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What did you do after school?

Discussion in 'Chill Out Forum:' started by chris1791, Jun 14, 2009.

  1. chris1791

    chris1791 Member

    Right, here's the thing. I have one more exam left and truth be told they have went horribly wrong (A Level btw) completely messed up my English exam, doing the hardest question and missing out loads of things, then I had a graphics exam straight after, which just isn't a graphics exam, it's more business studies. Which I totally failed.
    I was planning on going to Uni in September to do Computer Networking, however I've been thinking, if I dont get the grades to go, would it be better to try and get in a design agency? I have plans to start my own IT services business when I'm older, Web & graphic design, IT consultancy etc. Another option is to switch course and do one with lower requirements like Web Design & Development. So the question is, what's better studying 'how to be a web designer' or actually getting stuck in and working and learning your craft as it were?

    Thanks
     
  2. tim

    tim Senior Member

    Good luck with your results first off. :)

    Don't worry about getting into Uni. You can do retakes and try again next year or you can speak to the university by phone and try and talk them into letting you in.

    My friend got BDD instead of BBC and they rung the university up, explained the situation, and eventually they said "Yeah, okay, we'll accept you."

    Just to let you know, according to a few employers I've spoken to (about 10 of them), each one of them says that no design/development course is needed to get a job, they just want proof that you can do it. It's the same idea with clients- they want proof you can do it, they don't want to be shown a degree. Despite that, doing a course like "web design/development" might teach you some disciplines that you don't already know...

    It's a mixed bag response for me I guess :p
     
  3. Levi

    Levi Moderator Staff Member

    Similar situation for me at a-level.
    Did my a-levels in maths, physics and graphic design, had to move to a different school and couldn't get on with teaching methods in maths and physics so got relatively low grades there.

    But the best bit was the school decided to teach us the wrong stuff in graphic design, told us we could take notes into the exam, meaning no one revised for it and then on the day were told that we couldn't take our notes in. Well that screwed up ALL of us and only 2 people out of around 30 got above a U. The school took responsibility and offered letters etc, not that we could really do much with them. As I was intending to take a year out anyways I went and took a 1 year BTEC in art and design at the local college first. I personally felt it was fairly simple (even though its meant to be worth 2 a levels :eek:) and was able to use that to get onto my uni course instead, most of it wasn't much different to what I'd already done at gcse and in my a-levels plus some drawing of naked people (male :() :confused:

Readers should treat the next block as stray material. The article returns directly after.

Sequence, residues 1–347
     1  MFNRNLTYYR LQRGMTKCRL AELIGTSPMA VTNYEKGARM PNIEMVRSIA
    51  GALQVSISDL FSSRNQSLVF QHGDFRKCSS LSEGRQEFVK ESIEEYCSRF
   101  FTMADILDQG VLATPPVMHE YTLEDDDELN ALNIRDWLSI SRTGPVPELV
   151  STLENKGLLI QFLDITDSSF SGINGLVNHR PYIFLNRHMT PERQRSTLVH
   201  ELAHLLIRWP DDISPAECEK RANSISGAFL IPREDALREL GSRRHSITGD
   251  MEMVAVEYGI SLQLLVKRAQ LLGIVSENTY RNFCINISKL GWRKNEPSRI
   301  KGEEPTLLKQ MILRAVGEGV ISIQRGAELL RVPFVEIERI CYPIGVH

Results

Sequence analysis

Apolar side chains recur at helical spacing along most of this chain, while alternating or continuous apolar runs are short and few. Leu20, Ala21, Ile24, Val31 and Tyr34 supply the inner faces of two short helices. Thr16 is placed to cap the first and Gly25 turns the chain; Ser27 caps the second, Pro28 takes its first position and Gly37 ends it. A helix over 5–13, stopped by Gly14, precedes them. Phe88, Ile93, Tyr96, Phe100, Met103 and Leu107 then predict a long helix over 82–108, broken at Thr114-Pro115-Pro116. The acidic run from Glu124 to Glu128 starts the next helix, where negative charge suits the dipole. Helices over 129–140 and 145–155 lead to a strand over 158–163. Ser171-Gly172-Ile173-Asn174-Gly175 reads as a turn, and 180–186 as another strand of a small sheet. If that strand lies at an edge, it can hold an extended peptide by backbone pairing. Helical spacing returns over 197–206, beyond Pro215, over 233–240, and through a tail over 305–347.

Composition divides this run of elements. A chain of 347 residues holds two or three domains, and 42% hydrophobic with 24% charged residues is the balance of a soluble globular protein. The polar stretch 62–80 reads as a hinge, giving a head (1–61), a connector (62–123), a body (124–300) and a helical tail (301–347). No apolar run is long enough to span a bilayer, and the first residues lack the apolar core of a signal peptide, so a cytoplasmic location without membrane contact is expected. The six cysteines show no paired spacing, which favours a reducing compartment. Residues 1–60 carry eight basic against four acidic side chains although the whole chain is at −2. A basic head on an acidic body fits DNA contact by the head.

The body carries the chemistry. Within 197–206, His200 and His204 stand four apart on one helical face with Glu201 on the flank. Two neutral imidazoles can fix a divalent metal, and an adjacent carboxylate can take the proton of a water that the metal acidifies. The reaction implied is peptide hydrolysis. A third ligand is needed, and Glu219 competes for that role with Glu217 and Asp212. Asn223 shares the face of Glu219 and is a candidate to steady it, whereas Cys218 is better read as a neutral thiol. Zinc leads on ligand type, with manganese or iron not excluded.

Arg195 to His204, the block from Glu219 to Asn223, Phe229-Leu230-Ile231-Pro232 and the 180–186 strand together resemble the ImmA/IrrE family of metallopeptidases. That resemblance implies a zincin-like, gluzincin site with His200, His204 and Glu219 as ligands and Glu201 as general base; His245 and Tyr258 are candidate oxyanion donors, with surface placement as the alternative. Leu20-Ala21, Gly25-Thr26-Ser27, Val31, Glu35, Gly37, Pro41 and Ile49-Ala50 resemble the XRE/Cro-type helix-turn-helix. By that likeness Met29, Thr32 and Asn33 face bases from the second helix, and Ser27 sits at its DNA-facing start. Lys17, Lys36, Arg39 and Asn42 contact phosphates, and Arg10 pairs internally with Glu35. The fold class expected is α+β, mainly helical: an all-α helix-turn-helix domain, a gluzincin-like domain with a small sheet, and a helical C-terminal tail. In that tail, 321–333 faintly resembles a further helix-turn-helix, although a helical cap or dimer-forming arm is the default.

Personally I wouldn't worry too much over the results just yet, wait and see what happens and then if they are bad look at the local college courses and see if theres anything you can use to supplement the weak areas before uni.
     
  4. Harry

    Harry Senior Member

    I got an amazing job before I even found out what my results were. Don't worry yourself too much, teachers make this whole mindset that you only ever get one chance. See what your exams are like and do what you want.
     
  5. mrp2049

    mrp2049 Senior Member

    Dont worry, that never helps.

    Short version of my story, went to 6th form doing a levels in physic, chemistry, maths and media studies, left after 2 months because I hated the place. Ended up working for the job centre for a (incredibly bizarre) year, went back did a BTEC in media, year out, BA design for media, MA graphic communication.

    Currently working a shit job to pay the bills and freelancing so I can buy guitars!

    Basically, I don't think there is a right or wrong answer, but the truth is there are a lot of graduate advance programmes out there that don't care what degree you've got and that can lead to some awesome jobs.

    I think we have been over this a few times now (not a complaint by any stretch) and the opinion is varied, when in doubt listen to Berry.
     

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